Global food prices fall, but food prices in Asia could still soar

A worker holds wheat grains in a storage barn in Polykastro, Greece, July 1, 2022. A truck unloads harvested wheat in heaps at a grain storage barn in Polykastro, Greece, Friday, July 1, 2022. Global food prices soared to a record high after the February 24 Russian invasion disrupted grain and vegetable oil exports through Ukraine’s Black Sea ports, adding to cost pressures from logistical problems and a rebound in consumer demand following the coronavirus pandemic. Photographer: Konstantinos Tsakalidis/Bloomberg via Getty Images

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Food prices around the world have fallen for the third month in a row, but prices remain stable near historic highs in March, according to the Food and Agriculture Organization of the United Nations.

A Nomura economist says Asia has yet to see the peak in food prices, which will likely come in the July-September quarter.

Sonal Varma, chief economist for India and Asia (ex-Japan) at the Japanese bank, told CNBC that changes in food prices in Asia tend to lag global movements, as governments put in place subsidies and price controls to temporarily lower prices.

The FAO Food Price Index, which tracks the monthly change in world prices of a basket of food products, fell 2.3% in June from a month ago.

It was driven by lower international prices for vegetable oils, cereals and sugar, but is still 23.1% above its level a year ago.

The FAO index in June hovered at 154.2 points – the base period being the average prices between 2014 and 2016 – just slightly below the 159.7 points recorded in March, following the invasion of Ukraine by Russia.

Impact on Asia

According to Nomura, countries like Singapore, South Korea, the Philippines and India are likely to see the biggest increases in food prices in the second half of this year.

In a note published in June, Varma and his team said net food imports accounted for more than 2% of the Philippines’ gross domestic product, the second highest in Asia (excluding Japan) after Hong Kong. Food also accounts for a high share—nearly 35%—of the country’s consumer price index basket.

South Korea and Singapore are also at risk as they rely heavily on food imports.

And while India is self-sufficient in wheat and rice, the country’s ongoing heatwave, a delayed monsoon and rising prices for other food items like meat and eggs will likely push prices up. .

Instead of putting in place export bans, which distort food prices, Varma said governments should use “one or more targeted forms of fiscal support” to help low-income people at this stage.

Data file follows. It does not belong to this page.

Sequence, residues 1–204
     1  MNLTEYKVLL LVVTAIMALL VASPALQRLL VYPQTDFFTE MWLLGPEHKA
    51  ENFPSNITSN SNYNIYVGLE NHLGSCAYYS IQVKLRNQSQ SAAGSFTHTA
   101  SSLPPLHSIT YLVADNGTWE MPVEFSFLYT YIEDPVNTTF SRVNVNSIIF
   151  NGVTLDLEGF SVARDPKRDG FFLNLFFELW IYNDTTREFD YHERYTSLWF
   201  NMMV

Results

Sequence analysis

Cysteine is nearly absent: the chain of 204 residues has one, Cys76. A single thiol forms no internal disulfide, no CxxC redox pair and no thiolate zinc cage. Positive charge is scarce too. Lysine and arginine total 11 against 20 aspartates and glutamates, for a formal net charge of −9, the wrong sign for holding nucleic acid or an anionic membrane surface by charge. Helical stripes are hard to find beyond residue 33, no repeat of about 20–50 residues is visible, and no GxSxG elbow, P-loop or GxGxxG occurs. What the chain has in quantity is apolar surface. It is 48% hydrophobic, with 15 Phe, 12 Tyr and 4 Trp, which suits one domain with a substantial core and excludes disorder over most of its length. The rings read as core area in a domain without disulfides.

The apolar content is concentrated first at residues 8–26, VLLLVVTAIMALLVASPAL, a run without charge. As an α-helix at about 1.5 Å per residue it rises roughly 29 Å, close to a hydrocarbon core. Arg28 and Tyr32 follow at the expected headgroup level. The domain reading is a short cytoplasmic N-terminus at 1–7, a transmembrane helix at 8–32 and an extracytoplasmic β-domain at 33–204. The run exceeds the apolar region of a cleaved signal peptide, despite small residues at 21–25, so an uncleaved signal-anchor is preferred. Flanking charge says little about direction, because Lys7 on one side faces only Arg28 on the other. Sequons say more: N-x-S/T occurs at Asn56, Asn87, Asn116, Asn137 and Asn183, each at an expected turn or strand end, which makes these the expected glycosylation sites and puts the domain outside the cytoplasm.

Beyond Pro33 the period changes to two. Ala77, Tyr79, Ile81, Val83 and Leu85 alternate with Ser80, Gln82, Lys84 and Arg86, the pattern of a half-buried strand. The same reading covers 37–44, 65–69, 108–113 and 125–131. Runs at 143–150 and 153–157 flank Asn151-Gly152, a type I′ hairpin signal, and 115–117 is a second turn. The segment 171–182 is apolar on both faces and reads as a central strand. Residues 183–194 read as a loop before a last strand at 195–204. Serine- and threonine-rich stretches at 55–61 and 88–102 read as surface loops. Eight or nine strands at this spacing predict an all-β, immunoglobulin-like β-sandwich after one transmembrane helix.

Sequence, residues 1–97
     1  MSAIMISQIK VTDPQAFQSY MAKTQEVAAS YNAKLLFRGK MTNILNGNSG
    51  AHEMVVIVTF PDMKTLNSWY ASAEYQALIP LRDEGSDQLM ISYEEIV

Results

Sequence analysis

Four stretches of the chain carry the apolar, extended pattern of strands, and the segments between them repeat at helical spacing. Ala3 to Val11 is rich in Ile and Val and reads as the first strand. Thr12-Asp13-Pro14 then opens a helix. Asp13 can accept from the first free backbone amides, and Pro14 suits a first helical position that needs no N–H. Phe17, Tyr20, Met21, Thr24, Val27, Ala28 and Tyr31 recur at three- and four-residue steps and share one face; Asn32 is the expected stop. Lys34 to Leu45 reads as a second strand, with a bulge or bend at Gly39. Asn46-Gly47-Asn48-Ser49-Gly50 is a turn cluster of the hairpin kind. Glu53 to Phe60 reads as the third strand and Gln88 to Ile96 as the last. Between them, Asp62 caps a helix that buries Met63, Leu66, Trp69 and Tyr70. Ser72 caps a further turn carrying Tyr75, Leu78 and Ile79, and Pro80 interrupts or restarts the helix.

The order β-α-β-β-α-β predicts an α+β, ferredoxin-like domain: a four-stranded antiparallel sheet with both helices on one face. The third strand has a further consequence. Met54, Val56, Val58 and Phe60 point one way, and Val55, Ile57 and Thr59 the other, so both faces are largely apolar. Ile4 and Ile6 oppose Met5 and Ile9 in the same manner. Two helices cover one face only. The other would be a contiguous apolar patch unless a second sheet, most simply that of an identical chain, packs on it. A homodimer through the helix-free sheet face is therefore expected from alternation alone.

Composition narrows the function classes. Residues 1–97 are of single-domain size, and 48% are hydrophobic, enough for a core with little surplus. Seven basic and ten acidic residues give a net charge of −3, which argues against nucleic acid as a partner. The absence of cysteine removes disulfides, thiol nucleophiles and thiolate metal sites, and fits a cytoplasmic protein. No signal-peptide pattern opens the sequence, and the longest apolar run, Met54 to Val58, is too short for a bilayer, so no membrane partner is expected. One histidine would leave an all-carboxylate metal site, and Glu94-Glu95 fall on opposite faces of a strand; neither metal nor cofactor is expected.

“Low-income households typically spend a lot of their intake on food, so protecting them is more important,” she said.

Wheat prices up almost 50% year on year

According to the FAO’s food price index, prices of cereals – the category to which wheat falls – fell 4.1% in June compared to May, but are still 27.6% higher than those of one year ago.

Wheat prices fell 5.7% in June, but were still 48.5% higher than a year ago due to the Russian-Ukrainian war. Russia and Ukraine together account for 28.47% of global wheat exports in 2020, according to the Observatory of Economic Complexity.

The decline in wheat prices was due to better harvest conditions, seasonal availability of new crops in the northern hemisphere and increased exports from Russia, FAO said.

Vegetable oil prices fell the most, down 7.6% from the previous month. Palm oil prices fell as global supply increased, while lower demand for sunflower and soybean oil also pushed prices down. Sugar prices fell 2.6% month-on-month as supply increased and demand fell.

Meat prices at record high

Meat and dairy consumers had less reason to rejoice.

Meat prices hit a record high in June, climbing 1.7% from May and 12.7% from a year ago as supply continued to be squeezed by the war. Bird flu outbreaks in the northern hemisphere have also had an impact on meat prices.

Dairy products were 4.1% more expensive than in May and 24.9% more expensive than in June of last year. Cheese prices rose the most, due to storage and a heat wave in Europe, the FAO said.

The FAO warned that while food prices fell in June, “the factors that pushed world prices higher are still in play”.

These include “strong global demand, adverse weather conditions in some major countries, high production and transportation costs, and supply chain disruptions due to COVID-19, compounded by uncertainties resulting from the war ongoing in Ukraine,” said FAO Chief Economist Maximo Torero Cullen. in a report.

Food prices unlikely to drop significantly over time, Nomura says Varma said.

“The demand for some of these products is relatively inelastic,” she said, adding that a recession would not cause “a significant drop in prices.”

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